By Lee Habeeb & Mike Leven, SEPTEMBER 25, 2012
Why our business leaders fear their own government, and what they can do about it.
It’s a riveting pitch. The 60-second U.S. Marine Corps commercial begins with images of soldiers running straight into scenes of chaos and danger. The commercial ends with a question that crosses the screen:
“Which way would you run?”
Since the founding of our nation, Americans have selflessly responded to the call of duty, and volunteered to run into harm’s way. And not for the money, but to serve their country.
Contrast that kind of courage with the way many of our nation’s CEOs deal with chaos and danger.
For decades, the ever-growing administrative state has made it increasingly difficult for business leaders to do their jobs. While regulators do play a role in protecting our free-enterprise system and the lives and health of our citizens, much of what passes for regulation has nothing to do with protecting the environment or making the markets safer; it’s about power, control, and revenue. And sometimes, it’s about protecting the interests of one group at the expense of another.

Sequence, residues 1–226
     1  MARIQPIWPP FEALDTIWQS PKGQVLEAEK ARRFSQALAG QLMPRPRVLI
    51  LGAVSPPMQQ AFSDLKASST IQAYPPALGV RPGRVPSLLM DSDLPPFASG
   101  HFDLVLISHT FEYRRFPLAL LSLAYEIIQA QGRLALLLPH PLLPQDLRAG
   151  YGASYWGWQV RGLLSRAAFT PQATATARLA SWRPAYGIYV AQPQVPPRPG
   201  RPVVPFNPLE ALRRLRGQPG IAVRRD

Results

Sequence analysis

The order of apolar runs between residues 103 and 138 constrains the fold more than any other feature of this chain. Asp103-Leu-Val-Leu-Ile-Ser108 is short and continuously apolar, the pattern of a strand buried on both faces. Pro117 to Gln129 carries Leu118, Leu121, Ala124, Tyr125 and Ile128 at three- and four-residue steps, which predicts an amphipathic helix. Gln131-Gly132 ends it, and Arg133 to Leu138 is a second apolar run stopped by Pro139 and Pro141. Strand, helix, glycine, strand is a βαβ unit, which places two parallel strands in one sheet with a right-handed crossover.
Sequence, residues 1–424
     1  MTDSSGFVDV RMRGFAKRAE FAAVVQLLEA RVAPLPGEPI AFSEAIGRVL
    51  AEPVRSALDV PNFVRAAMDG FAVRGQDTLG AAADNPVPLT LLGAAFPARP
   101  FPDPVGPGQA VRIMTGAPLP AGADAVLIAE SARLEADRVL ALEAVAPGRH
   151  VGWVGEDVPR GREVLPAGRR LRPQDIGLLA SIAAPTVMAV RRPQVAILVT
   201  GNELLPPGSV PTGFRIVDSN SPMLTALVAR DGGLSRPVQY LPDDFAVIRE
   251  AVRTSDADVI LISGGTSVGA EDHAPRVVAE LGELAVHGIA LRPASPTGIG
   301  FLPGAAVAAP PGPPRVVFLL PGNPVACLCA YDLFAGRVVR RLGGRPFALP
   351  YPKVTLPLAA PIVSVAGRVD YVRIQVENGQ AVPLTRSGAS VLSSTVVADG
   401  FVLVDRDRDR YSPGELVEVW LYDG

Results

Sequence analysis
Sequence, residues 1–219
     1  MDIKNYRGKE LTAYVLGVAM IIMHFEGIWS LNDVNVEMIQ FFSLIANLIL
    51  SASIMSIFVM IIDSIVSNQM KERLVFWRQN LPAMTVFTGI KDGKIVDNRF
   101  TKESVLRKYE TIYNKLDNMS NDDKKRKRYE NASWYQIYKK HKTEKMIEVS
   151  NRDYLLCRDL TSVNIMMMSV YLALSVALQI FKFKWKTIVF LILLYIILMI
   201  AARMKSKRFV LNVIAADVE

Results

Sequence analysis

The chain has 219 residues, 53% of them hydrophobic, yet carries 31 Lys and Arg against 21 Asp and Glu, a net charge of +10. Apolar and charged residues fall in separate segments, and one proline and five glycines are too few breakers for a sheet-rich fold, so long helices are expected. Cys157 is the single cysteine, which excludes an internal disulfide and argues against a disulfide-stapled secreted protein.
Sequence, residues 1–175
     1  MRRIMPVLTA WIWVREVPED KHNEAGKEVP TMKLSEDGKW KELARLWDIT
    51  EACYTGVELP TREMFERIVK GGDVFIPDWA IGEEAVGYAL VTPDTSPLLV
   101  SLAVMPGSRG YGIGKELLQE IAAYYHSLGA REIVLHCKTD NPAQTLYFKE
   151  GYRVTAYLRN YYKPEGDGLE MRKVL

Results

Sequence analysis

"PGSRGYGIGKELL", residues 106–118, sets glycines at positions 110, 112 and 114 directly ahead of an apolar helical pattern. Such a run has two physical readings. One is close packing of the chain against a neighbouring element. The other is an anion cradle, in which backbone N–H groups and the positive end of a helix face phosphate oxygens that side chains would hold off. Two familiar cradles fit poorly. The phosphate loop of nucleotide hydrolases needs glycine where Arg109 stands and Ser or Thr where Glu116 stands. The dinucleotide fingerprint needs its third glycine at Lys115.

A case in point.
In a recent Wall Street Journal article, we learned about what should have been a routine conference call on some rule changes that impact small and regional banks. On the call were officials at the Office of the Comptroller of the Currency and nearly 1,500 bankers. A man who identified himself only as a fourth-generation banker from Minnesota began complaining about the possibility of having to set aside much more money when making nontraditional mortgage loans.